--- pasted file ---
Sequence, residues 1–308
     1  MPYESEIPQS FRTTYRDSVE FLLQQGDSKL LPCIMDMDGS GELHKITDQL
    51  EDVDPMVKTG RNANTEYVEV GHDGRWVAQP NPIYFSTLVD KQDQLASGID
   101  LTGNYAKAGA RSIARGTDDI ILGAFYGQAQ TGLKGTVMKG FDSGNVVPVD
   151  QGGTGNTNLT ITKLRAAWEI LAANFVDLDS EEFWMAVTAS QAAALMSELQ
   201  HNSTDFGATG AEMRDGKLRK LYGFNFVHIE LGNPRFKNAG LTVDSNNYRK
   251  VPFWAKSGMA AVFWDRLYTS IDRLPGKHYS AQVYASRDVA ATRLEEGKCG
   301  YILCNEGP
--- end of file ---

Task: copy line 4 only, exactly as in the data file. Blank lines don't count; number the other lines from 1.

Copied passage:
   101  LTGNYAKAGA RSIARGTDDI ILGAFYGQAQ TGLKGTVMKG FDSGNVVPVD